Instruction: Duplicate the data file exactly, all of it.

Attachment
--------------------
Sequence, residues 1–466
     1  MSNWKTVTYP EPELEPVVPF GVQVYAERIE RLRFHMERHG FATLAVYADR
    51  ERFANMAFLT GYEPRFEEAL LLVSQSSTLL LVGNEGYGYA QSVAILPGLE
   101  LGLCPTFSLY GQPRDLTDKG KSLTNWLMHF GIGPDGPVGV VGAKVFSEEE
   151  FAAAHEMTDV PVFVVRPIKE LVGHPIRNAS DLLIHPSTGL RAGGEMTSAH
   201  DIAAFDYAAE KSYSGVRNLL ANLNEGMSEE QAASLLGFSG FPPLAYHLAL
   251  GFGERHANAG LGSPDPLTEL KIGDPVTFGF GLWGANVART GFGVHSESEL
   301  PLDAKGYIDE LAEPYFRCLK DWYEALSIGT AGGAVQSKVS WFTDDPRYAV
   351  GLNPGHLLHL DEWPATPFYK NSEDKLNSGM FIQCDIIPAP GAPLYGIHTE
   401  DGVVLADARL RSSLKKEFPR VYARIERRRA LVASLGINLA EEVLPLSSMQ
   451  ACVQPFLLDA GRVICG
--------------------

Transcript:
Sequence, residues 1–466
     1  MSNWKTVTYP EPELEPVVPF GVQVYAERIE RLRFHMERHG FATLAVYADR
    51  ERFANMAFLT GYEPRFEEAL LLVSQSSTLL LVGNEGYGYA QSVAILPGLE
   101  LGLCPTFSLY GQPRDLTDKG KSLTNWLMHF GIGPDGPVGV VGAKVFSEEE
   151  FAAAHEMTDV PVFVVRPIKE LVGHPIRNAS DLLIHPSTGL RAGGEMTSAH
   201  DIAAFDYAAE KSYSGVRNLL ANLNEGMSEE QAASLLGFSG FPPLAYHLAL
   251  GFGERHANAG LGSPDPLTEL KIGDPVTFGF GLWGANVART GFGVHSESEL
   301  PLDAKGYIDE LAEPYFRCLK DWYEALSIGT AGGAVQSKVS WFTDDPRYAV
   351  GLNPGHLLHL DEWPATPFYK NSEDKLNSGM FIQCDIIPAP GAPLYGIHTE
   401  DGVVLADARL RSSLKKEFPR VYARIERRRA LVASLGINLA EEVLPLSSMQ
   451  ACVQPFLLDA GRVICG